With deals from London to Singapore, China is seeking a greater role for its yuan currency in global markets to challenge the hegemony of the almighty dollar.
The most attention-grabbing reform planned for Shanghai’s new free trade zone is free convertibility of the yuan — also known as the renminbi, or “people’s money” — an unprecedented change which would allow greater use of the currency.
But no timetable has been specified, and a true contest between Mao Zedong, Communist China’s founding father whose face is emblazoned on most yuan notes, and Benjamin Franklin on the $100 bill will be years in the making.
For decades the US has benefited to the tune of trillions of dollars-worth of free credit from the greenback’s role as the default global reserve unit.
But as the global economy trembled before the prospect of a US default last month, only averted when Washington reached a deal to raise its debt ceiling, China’s official Xinhua news agency called for a “de-Americanised” world.
It also urged the creation of a “new international reserve currency… to replace the dominant US dollar”.
For China — which has the world’s biggest foreign exchange reserves — the immediate appeal of a greater role for the yuan is lubricating trade flows and drawing foreign investment.
“Policymakers have made new efforts to increase the attraction of the renminbi in global markets,” said Capital Economics analyst Wang Qinwei.
He pointed to a deal with Britain in October allowing London-based institutions to invest directly in China — avoiding an expensive detour via Hong Kong — with an initial quota of 80 billion yuan ($12.9 billion).
A week later Beijing signed a similar 50 billion yuan agreement with Singapore.
China’s central bank, the People’s Bank of China, also signed a currency swap deal with the European Central Bank last month for 45 billion euros ($61 billion), giving eurozone banks greater access to the yuan.
In the run-up to an important plenum of the ruling Communist Party, Zhao Longkai of the Guanghua School of Management at Peking University, said the measures were “important steps” but added that progress was likely to be slow.
“We take gradual steps, so that’s what China will do,” he told AFP. “It’s China, it’s hard to talk about any dramatic changes.”
“China has to be very careful about this because… we want to maintain the value of the currency,” he added.
The yuan-dollar exchange rate is effectively controlled by Chinese authorities, and the relaxation of strict capital controls could see funds flow out of China.
Since January, the yuan has strengthened by more than two percent, setting a series of record highs and creeping towards the symbolically significant 6.0 yuan to the greenback mark.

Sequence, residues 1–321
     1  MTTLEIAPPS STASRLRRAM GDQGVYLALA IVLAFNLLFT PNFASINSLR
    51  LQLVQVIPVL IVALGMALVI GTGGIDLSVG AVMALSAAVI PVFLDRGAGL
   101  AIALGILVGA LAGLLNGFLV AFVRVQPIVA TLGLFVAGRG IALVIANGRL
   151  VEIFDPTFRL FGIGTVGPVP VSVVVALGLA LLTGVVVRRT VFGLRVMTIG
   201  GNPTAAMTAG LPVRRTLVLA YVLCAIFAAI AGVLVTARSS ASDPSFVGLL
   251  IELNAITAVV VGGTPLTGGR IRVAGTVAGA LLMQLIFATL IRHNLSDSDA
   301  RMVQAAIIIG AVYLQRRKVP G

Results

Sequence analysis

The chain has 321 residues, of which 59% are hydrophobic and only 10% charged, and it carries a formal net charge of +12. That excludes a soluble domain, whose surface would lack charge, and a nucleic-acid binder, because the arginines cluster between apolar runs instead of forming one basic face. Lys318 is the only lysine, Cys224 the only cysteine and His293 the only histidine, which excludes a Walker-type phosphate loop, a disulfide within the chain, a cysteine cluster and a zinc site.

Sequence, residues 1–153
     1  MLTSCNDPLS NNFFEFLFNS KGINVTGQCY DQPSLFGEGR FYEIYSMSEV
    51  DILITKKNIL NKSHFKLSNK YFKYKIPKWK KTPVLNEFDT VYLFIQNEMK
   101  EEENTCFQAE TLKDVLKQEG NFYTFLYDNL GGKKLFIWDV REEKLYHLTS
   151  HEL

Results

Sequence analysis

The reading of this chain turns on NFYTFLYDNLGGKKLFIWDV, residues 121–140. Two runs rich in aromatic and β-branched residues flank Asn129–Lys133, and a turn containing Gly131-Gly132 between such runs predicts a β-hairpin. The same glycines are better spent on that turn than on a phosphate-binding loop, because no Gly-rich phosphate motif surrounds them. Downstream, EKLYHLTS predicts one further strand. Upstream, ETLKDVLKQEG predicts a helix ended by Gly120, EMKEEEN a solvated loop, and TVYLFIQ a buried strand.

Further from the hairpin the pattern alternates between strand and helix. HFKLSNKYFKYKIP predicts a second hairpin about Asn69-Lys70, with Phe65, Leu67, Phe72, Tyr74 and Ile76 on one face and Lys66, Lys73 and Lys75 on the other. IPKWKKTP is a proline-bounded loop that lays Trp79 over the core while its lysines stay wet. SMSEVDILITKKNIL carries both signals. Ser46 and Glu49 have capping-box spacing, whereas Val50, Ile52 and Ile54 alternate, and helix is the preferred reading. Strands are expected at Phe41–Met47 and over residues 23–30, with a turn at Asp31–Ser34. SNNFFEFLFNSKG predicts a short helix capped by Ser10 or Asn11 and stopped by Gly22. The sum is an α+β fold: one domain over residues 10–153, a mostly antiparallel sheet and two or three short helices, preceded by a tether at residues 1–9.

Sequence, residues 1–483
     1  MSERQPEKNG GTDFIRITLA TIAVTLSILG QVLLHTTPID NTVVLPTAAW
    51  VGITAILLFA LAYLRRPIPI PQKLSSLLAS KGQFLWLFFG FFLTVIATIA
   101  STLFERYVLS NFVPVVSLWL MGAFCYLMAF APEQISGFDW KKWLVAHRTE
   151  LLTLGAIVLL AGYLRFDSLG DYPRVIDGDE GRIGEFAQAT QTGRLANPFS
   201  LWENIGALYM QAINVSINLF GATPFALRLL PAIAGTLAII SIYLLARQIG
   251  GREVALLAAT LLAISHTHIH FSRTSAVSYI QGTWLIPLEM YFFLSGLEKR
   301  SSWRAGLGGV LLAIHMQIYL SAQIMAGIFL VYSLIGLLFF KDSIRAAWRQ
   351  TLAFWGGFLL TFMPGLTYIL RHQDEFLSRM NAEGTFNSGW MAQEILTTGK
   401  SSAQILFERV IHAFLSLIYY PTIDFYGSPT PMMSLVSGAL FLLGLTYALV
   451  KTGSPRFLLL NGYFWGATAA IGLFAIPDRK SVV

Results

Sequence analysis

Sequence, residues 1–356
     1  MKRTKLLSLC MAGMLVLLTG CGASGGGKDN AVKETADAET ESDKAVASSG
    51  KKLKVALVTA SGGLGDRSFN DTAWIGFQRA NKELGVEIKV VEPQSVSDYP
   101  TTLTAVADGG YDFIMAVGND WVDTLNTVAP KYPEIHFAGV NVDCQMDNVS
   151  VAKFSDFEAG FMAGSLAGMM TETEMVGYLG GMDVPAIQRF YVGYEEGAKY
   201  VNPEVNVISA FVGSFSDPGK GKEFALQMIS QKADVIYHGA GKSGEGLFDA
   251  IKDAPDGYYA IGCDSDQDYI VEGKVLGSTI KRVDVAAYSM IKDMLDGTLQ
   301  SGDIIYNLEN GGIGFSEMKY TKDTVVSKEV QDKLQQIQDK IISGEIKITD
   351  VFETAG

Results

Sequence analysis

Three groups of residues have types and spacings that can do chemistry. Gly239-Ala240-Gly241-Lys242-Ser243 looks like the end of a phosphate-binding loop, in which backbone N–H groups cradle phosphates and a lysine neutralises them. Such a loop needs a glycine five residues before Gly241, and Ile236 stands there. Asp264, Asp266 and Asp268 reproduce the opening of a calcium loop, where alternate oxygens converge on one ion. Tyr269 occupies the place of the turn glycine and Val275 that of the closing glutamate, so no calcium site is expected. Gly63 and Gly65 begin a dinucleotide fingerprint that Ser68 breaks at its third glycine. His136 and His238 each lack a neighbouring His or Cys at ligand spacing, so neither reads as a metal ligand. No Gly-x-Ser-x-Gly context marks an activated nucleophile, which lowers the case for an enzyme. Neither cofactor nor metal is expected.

The Chinese central bank has been “purchasing foreign exchange at a frantic rate in recent weeks… underlining again how reluctant policymakers are to leave the renminbi in the hands of market forces,” said Wang of Capital Economics.
“Among many other implications, this suggests that capital account liberalisation is a long way off.”
But investors’ lust for yuan shows no sign of weakening. It became the world’s eighth most-traded currency this year, overtaking the Russian ruble and South Korean won, according to the interbank network Swift.
Yuan currency trading volumes more than doubled between January 2012 and August this year, when it held a 1.49 percent global market share, it added.
Outside China and Hong Kong, London saw 62 percent of the transactions by value, followed by New York and Paris.
The market for “dim sum” bonds, denominated in yuan and issued in Hong Kong, is small but growing rapidly: the total issued in the first nine months of this year was 65 percent higher than that for all of 2012, according to ratings agency Fitch.
The yuan will become the world’s fourth most commonly used currency in international trade by 2020, with $3 trillion-worth of business denominated in yuan, estimates Standard Chartered economist Stephen Green.
But Jens Nordvig, global head of foreign exchange strategy for investment bank Nomura, warned that internationalisation of the unit could only occur “over a multi-year horizon”.
China needs free convertibility on the capital account and developed capital markets, he said. At present the yuan is only convertible on the current account, consisting mainly of trade flows.
“First, it needs to be super liquid and second it needs to be available for global investors,” he said, “neither of which are fully developed in China”.